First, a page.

Years later, Mrs Tafti’s daughter would become my closest friend. Their home became the setting for some of my happiest teenage memories. It was a lot like Mrs Tafti — joyful and overflowing. All available surfaces were crammed with photographs and the useless presents teachers find themselves buried under, every teacher’s day. Mrs Tafti had a story for every child behind each trinket. And they were all precious. Little stacks of letters, notes, and cards were tucked away in random corners. I often wondered how so many people could have so much to say to one person! But just being around that kind of love, acceptance and positivity made me a better person, I think.

When I talk to friends from school, we all agree that Mrs Tafti’s was the one class none of us ever wanted to skip. It didn’t matter how good or bad we were at music, the music room was our sanctuary, our safe space, much before safe spaces became woke and part of our vocabulary. The music room is where we found the will to endure the terror-inducing double algebra classes with the dragon lady and her wooden ruler!

I didn’t know this until recently, but Mrs Tafti’s circle of compassion was far more expansive than I — and most people around her — had known. She’s spent the last 30 years bringing music and just, simply, joy to kids from my own alma mater, about 25 years at a school for children with special needs, and almost 20 years at a playschool, and all this is in addition to her own special initiatives, the Kiddies Music Klub for young kids, and the Singing Senoritas, a singing group for senior citizens. So many of my memories of Mrs Tafti revolve around her many productions — all the plays, songs, and scripts she wrote for anyone who would ask. And the list of people doing the asking never seemed to shrink. I don’t know of a time when she turned away anyone, no matter how unreasonable their ask. That’s generations of children, and literally thousands of people from all walks of life that she’s touched with her music.

Mrs Tafti, I found out while writing this piece, has done her musical training from The Trinity College of Music, London and supplemented that degree with a teacher’s training course in special education, all because a child close to her was physically and mentally challenged, and she wanted to bring some light and independence in his life and the lives of others like him. I live in a world where photographic evidence of even one hour of volunteering or “charity” of some kind is plastered all over social media with detailed precision. And here was this woman, one of my closest friend’s mum, who has spent the better part of the last 40 years bringing music and joy into more people’s lives than it is possible to count, and never feeling the need to talk about it. I don’t know if karma is a person, but if she is, she better be taking copious happy notes. Since I started writing this piece, I’ve had dozens of letters and emails arrive in my inbox. Colleagues going as far back as the 70s, students she taught 10, 20, 30 years ago, principals who still remember her as the most joyful person they’ve ever had the pleasure of knowing… All piping up to sing praises of the woman who likes to describe herself as “just a music teacher.”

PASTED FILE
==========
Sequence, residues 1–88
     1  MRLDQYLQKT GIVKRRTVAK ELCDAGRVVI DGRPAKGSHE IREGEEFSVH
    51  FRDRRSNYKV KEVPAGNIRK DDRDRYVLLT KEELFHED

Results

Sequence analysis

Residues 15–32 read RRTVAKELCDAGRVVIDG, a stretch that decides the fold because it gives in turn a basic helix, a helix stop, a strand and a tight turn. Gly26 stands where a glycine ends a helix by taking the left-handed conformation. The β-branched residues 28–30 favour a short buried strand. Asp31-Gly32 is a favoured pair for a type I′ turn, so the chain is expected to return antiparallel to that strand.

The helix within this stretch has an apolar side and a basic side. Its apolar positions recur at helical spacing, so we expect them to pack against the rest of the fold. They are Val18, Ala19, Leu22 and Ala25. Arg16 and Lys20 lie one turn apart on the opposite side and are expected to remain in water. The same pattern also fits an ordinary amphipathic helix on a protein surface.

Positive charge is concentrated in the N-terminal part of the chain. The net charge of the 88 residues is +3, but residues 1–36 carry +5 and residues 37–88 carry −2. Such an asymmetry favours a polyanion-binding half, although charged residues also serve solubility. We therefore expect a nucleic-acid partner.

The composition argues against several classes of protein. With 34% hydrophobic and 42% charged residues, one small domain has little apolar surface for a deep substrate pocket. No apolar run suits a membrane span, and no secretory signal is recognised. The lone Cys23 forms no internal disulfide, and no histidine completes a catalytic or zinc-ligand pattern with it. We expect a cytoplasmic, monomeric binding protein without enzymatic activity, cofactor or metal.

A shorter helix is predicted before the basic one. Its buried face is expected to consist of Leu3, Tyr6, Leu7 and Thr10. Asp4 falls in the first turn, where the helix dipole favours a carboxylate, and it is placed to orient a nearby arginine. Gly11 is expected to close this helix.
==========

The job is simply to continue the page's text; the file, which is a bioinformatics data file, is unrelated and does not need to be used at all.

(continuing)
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It’s Guru Purnima today. Like I said, it’s easy to lionise the teachers who are a part of the defining moments of our lives. But we often forget to thank the ones who quietly, unassumingly, whisper that elusive, graceful “jeene ka saleekha” into us. The world’s radically changed over the last few months. If there was ever a time to be thankful for kindness and thankful to the people who teach us kindness, it is now. So I want my NOT-just-a-music-teacher to know this: Mrs Tafti, educators like you come along once in a lifetime, and only if the students are very lucky. Without teachers like you, we wouldn’t have wildly optimistic children standing in front of classrooms singing at the top of their lungs, and gleeful beyond belief about their imagined achievements. And what a sad little world that would be.

Sonali Kokra is a journalist and media consultant from Mumbai. She writes on feminism, gender rights, sexuality, relationships, and lifestyle and has published a coffee table book on Shah Rukh Khan. The views expressed are the author’s own.